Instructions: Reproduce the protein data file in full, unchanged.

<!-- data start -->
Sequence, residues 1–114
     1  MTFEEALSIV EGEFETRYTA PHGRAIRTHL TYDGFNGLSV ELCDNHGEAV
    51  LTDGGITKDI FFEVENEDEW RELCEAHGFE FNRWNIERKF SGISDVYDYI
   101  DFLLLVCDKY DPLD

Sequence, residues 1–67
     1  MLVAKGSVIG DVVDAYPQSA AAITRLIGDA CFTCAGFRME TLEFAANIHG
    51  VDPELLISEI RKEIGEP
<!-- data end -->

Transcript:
Sequence, residues 1–114
     1  MTFEEALSIV EGEFETRYTA PHGRAIRTHL TYDGFNGLSV ELCDNHGEAV
    51  LTDGGITKDI FFEVENEDEW RELCEAHGFE FNRWNIERKF SGISDVYDYI
   101  DFLLLVCDKY DPLD

Sequence, residues 1–67
     1  MLVAKGSVIG DVVDAYPQSA AAITRLIGDA CFTCAGFRME TLEFAANIHG
    51  VDPELLISEI RKEIGEP